Shravasti Dhammika, The Buddhist Precepts III
達爾卡法師 著 伍煥炤 譯 ：〈佛教戒律 III〉
The sixth of the eight Precepts and ten Precepts is Vikala bhojana vermani sikkhapadam samadhiami, I take the precept not to eat at the wrong time. 'Wrong time' (vikala) has long been interpreted to mean after noon or midday, although I know of no place in the suttas where this is specifically stated. The overall purpose of this rule is clear enough – to encourage moderation in eating (Sn.707) and to keep drowsiness due to a full stomach at bay. But the part about not eating after midday is less clear. The origin story in the Vinaya explaining this rule is unconvincing and obviously a later invention. According to this story, a monk was standing at someone's door late at night. As the woman of the house approached the door a sudden flash of lightening illuminated him, frightening the woman half to death, and to prevent this from happening again the Buddha instituted the rule. The only justification the Buddha gives for this rule is that it is good for the health and he does not mention what the 'wrong time' is other than to say the 'evening' or 'night' (ratti). He said, 'I do not eat in the evening and thus I am free from illness and affliction and enjoy health, strength and ease' (M.I, 473). But I can see no reason why eating only in the morning should be any more or less healthy than eating only in the afternoon.
八戒中的第六戒是Vikala bhojana vermani sikkhapadam samadhiami，我遵守戒律不會在不適當的時間進食。雖然我在佛經中找不到特別提及「非時」(vikala) 的地方，但它長久以來都解作過了正午或中午。這條戒律整體的目的是十分清晰的 — 鼓勵節制飲食 (Sn.707) 和避免因滿腹而昏睡。有關午後不進食的部份則不太清晰，《律藏》中解這條戒律來歷的故事並不具說服力，顯然是後來加上的。根據這個故事，一位比丘在晚上站在一家人的門前，一位該戶家庭的女人走近門前，突然而來的閃電照出了他的樣貌，把她嚇得半死。為避免同樣的事情再發生，佛陀制訂了這條戒律。佛陀制訂這戒律的唯一理據是它有益健康，但他沒有提到「非時」是甚麼，只說了「傍晚」或「晚上」(ratti)。他說：「我不在傍晚步進食，因此我會遠離疾病和痛苦，得到健康、力量和安樂」(M.I, 473)。但我看不到只在早上進食是比只在下午進食不健康或更健康。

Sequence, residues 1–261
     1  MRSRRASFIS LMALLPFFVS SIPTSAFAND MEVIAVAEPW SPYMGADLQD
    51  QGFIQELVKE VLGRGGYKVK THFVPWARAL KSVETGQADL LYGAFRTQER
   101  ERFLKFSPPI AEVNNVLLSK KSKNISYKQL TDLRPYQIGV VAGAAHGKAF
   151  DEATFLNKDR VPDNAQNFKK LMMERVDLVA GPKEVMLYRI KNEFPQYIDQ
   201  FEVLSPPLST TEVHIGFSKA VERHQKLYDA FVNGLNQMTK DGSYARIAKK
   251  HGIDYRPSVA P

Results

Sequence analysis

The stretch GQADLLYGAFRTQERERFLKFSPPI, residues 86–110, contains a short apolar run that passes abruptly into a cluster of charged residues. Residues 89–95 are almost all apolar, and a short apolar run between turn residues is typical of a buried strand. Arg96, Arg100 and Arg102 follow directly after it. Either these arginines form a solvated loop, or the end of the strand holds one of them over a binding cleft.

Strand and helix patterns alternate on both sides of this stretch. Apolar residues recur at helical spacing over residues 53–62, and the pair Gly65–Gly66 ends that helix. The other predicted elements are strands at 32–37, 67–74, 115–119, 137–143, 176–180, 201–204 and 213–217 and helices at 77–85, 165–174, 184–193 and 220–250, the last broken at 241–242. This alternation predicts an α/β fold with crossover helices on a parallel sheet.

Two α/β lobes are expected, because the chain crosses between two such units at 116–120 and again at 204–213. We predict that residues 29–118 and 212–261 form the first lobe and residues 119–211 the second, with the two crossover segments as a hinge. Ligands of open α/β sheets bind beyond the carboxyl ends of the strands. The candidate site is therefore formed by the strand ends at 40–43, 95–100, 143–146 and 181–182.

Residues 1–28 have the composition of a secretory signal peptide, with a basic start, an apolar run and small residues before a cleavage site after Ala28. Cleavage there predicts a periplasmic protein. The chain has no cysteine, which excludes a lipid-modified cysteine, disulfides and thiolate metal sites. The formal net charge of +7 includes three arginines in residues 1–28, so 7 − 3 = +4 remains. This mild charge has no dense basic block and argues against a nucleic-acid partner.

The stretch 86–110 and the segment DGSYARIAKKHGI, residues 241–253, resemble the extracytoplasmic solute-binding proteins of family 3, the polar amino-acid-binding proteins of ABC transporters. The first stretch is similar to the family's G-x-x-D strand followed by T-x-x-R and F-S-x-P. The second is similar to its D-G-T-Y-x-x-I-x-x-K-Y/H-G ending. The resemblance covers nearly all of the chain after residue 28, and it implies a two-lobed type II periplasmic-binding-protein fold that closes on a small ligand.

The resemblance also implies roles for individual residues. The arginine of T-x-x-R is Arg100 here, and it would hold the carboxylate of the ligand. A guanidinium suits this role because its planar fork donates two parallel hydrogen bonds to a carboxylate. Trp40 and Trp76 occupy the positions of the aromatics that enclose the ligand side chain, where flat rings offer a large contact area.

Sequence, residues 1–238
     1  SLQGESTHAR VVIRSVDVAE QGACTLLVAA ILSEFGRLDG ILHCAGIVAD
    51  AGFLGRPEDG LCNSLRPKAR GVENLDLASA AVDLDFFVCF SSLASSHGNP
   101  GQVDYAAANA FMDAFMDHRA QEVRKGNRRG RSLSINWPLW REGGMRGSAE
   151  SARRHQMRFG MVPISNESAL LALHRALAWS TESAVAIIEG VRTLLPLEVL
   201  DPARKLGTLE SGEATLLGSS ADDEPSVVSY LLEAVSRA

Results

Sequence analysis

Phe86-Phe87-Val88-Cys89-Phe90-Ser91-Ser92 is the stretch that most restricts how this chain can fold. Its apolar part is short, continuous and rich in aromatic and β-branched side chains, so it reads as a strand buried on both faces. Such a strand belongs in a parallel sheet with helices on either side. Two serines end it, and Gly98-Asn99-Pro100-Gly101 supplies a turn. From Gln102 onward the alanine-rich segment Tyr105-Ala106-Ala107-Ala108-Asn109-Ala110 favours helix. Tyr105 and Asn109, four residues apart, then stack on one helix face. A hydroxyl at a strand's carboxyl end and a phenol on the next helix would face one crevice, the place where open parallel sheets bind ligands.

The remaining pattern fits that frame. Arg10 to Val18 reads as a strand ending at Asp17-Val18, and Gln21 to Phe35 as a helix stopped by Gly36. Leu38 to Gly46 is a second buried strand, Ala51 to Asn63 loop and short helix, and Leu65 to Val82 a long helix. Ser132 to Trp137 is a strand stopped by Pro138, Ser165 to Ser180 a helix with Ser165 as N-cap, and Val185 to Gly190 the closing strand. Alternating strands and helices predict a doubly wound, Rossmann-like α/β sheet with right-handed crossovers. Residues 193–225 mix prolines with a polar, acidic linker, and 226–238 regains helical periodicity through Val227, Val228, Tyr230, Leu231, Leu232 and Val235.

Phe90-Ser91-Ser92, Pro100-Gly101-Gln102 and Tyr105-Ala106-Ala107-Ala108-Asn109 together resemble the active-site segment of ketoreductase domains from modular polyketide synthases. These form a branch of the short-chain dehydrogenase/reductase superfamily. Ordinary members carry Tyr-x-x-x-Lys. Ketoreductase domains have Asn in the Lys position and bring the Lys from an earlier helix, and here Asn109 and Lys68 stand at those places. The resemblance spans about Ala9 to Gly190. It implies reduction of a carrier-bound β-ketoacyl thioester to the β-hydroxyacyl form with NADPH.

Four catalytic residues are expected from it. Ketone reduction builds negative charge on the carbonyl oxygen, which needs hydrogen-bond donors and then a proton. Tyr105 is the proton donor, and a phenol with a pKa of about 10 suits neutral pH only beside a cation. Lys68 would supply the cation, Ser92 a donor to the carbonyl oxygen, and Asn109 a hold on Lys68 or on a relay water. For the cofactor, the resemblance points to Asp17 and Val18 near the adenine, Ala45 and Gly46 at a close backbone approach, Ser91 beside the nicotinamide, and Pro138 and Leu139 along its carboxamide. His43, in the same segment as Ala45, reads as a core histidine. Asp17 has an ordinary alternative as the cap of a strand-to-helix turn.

I suspect that the rule has its origins in two things. That eating before noon was already a well-established convention amongst wandering ascetics and the Buddha simply asked his monks and nuns to follow this convention. And the reason why this convention evolved in the first place was probably because, then as now, Indian peasant women cooked all the day's food early in the morning and the main meal of the day was in the morning. In other words, the most convenient time to go for alms gathering (pindapata) was in the morning. Noon was probably used as the cut-off point for eating because it could be known exactly. It's also pretty certain that monks and nuns only eat one meal a day because, not doing hard physical labour, they did not need that much food. So it is important to understand that noon is not some magical time, after which consuming food becomes a serious moral failing. It is just a convenient, and at that time a practical, way of dividing the day.